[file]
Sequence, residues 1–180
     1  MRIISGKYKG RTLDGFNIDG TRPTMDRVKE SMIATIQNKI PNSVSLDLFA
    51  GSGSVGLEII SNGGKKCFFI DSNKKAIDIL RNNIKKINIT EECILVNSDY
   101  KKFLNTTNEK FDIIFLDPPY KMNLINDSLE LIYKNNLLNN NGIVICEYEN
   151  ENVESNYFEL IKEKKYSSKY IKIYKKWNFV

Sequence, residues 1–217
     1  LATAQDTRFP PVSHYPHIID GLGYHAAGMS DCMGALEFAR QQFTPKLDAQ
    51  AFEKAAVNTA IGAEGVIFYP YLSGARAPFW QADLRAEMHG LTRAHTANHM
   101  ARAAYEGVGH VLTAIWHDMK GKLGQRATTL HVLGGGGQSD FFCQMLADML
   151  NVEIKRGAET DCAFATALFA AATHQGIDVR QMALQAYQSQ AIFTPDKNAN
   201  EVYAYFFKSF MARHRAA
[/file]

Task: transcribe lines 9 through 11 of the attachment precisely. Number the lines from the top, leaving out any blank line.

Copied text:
   101  ARAAYEGVGH VLTAIWHDMK GKLGQRATTL HVLGGGGQSD FFCQMLADML
   151  NVEIKRGAET DCAFATALFA AATHQGIDVR QMALQAYQSQ AIFTPDKNAN
   201  EVYAYFFKSF MARHRAA